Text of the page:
How can human beings prophesize about the future if they arose from single-celled animals? I don’t see how it’s possible…and ‘yes’ I know a guy who can perform it with consistently (I don’t care whether you believe me or not, it’s true). So I’m going to argue that if we didn’t arise from single-celled animals, our origins must be from some other means – God seems to be the only reasonable answer.



posted on Nov, 22 2009 @ 06:08 PM
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reply to post by Hereno
 


MY MD friend, that was the purpose of OT's thread...trying to get folks to think...and to hear from others and their experiences...

The ATS-er's will rise to the occasion...and we will learn, no doubt!

Sorry bout the skins and ravens , huh? touch season


OT



posted on Nov, 22 2009 @ 06:12 PM
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Yeah, I had some time tonight...down in Tampa, visiting the nursing home to see OOOOOLD mom, still can't believe she is still here...ornory (SP? :puz
as ever


Longevity is always something to be thankful for my friend. I'm glad you take the time to visit.



You make some great observations...would love to know more about the OOBE's you went thru.


The OOBE's I have experienced, well there are many, mostly revolving around the same type of setting. I've been doing them for about 10 years now and usually try to have about one a week. Keeps me grounded.

They were different in the beginning. I spoke only to one being whose face I could not describe, it was always a blur. I will relate my first experience to you thought.

I was sitting comfortably in my Gazeebo, meditating, when I felt a tugging deep inside my gut. Knowing that some negative entities are always trying to gain the upper hand in those that dable in meditation, I shrugged it off.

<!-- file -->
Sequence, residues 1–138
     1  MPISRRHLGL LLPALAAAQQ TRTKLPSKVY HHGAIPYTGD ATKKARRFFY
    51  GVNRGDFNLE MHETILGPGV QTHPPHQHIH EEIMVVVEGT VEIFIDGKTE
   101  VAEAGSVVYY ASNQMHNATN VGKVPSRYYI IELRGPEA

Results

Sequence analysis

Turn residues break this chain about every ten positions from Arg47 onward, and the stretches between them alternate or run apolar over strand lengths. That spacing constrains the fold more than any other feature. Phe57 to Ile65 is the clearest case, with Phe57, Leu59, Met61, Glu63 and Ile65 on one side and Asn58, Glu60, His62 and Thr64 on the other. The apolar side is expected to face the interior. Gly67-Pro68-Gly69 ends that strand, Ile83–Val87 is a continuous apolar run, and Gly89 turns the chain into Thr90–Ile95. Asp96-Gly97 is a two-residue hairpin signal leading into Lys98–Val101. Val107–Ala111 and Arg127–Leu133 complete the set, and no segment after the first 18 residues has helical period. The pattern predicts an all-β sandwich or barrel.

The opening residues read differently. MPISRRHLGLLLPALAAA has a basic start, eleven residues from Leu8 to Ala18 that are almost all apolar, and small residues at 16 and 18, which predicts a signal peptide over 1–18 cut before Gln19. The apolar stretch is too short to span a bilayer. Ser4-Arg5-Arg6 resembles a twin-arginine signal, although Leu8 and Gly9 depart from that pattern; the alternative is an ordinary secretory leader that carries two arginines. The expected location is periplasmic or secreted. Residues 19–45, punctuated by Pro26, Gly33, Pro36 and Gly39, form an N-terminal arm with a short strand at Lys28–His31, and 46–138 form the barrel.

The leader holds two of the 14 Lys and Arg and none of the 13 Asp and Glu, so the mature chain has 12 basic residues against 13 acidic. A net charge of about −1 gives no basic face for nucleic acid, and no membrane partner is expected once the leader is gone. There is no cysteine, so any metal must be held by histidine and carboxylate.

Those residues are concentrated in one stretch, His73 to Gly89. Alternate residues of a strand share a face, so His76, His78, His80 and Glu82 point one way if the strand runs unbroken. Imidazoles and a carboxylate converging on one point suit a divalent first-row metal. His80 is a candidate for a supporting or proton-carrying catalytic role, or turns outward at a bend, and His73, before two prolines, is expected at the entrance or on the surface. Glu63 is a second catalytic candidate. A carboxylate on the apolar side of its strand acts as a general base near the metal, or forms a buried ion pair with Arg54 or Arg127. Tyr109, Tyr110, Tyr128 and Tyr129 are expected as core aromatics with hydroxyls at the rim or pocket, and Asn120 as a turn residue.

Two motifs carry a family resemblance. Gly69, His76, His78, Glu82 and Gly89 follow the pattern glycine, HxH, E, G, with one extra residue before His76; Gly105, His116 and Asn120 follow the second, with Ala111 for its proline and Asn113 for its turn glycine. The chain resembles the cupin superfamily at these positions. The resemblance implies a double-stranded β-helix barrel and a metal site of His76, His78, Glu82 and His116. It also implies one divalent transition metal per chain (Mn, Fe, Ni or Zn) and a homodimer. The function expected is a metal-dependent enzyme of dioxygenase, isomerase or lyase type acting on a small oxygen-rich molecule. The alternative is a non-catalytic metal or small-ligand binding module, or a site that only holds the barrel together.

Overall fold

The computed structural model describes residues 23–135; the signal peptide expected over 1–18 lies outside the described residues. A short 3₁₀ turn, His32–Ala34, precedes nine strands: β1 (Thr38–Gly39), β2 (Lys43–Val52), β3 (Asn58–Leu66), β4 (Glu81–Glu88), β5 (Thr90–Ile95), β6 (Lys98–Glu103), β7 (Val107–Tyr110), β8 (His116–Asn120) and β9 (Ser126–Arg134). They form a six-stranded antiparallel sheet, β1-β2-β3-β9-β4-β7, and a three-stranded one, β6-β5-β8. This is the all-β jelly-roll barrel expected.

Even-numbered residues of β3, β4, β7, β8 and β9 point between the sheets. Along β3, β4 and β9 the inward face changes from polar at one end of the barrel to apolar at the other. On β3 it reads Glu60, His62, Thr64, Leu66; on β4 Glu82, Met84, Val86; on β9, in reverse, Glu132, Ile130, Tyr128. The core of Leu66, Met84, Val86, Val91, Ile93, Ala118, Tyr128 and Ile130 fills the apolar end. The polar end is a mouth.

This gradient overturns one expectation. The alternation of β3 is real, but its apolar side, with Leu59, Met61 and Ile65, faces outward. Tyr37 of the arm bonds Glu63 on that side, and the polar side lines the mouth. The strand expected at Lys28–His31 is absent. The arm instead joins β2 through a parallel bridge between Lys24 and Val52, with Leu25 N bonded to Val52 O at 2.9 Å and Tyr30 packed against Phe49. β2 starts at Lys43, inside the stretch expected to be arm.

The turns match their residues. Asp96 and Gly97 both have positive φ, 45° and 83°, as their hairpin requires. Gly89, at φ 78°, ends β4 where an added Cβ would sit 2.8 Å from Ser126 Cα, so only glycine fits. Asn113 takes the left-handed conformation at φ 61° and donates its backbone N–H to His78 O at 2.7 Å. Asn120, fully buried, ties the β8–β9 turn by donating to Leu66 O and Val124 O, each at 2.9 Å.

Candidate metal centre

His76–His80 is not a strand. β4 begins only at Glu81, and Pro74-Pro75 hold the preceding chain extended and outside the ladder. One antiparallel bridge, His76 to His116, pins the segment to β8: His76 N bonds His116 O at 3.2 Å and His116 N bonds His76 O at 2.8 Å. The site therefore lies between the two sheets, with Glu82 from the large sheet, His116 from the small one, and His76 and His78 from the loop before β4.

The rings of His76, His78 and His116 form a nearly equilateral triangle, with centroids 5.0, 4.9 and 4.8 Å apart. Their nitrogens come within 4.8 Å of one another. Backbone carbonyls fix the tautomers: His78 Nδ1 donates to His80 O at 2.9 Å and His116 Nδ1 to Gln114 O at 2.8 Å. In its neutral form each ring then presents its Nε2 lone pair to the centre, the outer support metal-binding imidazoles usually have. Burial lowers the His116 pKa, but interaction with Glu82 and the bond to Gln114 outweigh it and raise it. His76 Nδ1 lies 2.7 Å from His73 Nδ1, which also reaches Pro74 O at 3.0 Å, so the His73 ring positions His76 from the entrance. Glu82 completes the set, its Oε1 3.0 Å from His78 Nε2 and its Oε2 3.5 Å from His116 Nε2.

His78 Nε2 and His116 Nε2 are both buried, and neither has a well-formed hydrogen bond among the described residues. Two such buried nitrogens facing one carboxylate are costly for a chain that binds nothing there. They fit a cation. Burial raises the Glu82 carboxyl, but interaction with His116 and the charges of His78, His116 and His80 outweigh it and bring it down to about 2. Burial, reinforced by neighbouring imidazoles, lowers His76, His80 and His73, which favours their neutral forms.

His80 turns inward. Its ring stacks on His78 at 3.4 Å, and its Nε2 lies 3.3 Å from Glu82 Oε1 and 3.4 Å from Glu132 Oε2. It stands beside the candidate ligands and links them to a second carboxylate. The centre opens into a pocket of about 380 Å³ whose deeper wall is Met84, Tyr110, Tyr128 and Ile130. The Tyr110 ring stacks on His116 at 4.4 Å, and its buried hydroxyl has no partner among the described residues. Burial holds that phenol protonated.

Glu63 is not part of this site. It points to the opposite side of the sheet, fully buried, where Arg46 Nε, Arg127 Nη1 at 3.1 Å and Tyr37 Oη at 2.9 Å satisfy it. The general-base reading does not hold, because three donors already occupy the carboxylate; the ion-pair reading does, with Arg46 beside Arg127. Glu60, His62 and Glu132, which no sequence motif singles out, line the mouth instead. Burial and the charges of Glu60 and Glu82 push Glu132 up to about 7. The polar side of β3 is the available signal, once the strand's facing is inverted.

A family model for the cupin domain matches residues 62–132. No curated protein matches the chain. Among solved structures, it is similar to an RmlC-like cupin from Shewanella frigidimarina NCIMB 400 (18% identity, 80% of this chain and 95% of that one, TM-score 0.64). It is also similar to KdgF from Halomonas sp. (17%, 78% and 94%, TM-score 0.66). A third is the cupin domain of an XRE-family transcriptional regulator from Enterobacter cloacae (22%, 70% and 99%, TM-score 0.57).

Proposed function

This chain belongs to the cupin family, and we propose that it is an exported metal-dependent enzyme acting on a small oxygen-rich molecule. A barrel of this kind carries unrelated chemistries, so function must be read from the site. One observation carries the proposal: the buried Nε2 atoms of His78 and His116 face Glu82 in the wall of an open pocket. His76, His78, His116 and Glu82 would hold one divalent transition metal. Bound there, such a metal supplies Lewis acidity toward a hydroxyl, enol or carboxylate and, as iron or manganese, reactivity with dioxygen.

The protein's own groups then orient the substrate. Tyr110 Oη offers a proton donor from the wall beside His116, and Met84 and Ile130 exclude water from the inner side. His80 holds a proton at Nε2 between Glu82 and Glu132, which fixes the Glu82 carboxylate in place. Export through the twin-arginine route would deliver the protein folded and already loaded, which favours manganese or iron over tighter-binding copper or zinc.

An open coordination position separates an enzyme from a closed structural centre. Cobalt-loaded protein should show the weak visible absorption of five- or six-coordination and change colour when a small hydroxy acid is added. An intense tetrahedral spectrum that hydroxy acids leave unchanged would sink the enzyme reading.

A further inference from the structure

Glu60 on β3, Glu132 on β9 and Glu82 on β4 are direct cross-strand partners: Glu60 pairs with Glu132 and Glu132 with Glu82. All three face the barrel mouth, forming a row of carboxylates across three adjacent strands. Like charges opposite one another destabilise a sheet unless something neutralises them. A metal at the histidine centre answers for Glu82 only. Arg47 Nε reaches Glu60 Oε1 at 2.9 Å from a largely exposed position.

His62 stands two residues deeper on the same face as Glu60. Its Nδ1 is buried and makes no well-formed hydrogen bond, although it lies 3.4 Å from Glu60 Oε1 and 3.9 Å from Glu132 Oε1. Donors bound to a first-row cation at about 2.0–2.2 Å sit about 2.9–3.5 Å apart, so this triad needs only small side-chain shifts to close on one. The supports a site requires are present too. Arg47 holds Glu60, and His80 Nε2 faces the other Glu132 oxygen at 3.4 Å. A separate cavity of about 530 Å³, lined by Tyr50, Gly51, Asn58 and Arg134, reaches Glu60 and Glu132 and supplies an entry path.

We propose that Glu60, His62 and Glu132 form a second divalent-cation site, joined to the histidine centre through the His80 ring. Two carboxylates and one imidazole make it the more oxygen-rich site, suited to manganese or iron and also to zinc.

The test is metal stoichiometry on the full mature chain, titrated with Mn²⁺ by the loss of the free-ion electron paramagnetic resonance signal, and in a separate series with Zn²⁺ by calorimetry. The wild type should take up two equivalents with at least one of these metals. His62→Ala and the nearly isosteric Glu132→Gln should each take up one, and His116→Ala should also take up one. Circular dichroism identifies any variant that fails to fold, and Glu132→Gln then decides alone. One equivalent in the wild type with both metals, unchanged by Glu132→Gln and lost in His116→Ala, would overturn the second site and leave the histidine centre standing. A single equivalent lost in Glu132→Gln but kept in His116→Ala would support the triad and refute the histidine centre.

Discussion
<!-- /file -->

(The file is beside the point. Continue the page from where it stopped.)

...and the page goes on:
It came back stronger however about 3 minutes later, and I had no choice this time, it was taking me. I was lifted from my body and up into the sky, out in to the universe where I was privy to scences of stars and galaxies.

Upon realizing that this might be a dream, I found myself in a room, seated accross a table from this being. He was not grandiose, it seemed very comfortable to me as well, as if I was meant to be there.

I could hear music, but the sounds were unfamiliar, like an orchestra of light. The colours were magnificient, they changed from dark hues to lights, to some I can't even describe.

For the first time I was able to smell and taste sound. I know it sounds strange.

Me and the being conversed for what seemed like hours, about life in general, about my path, my children's and what I was doing to move forward with my life and not keep the "status quo".

I had several of these same experiences over that year, by the end of them I came to the realization that I was conversing with myself, or my soul for that matter.

The topics at hand always seemed mundane and somewhat out of place, but later on they became very clear. Things like my husband's cancer and my son's immune defiency I was about well before they happened, although not exactly in those terms.

Later I began having experiences where more than one person was present. It could only be described as a panel of judges sitting high while I stood low. However there was never a sense of them being more important than me, they were helpfull, insightfull and showed me a path to enlightenment which I still to this day follow.

I hope my description makes some sense to you, as it has certainly changed my life. I have always wondered who the panel was, Angels? Demons? Who knows.

But they've had an impact on my life, and have led me to where I am today, and for that I am thankful.

~Keeper


[edit on 11/22/2009 by tothetenthpower]

[edit on 11/22/2009 by tothetenthpower]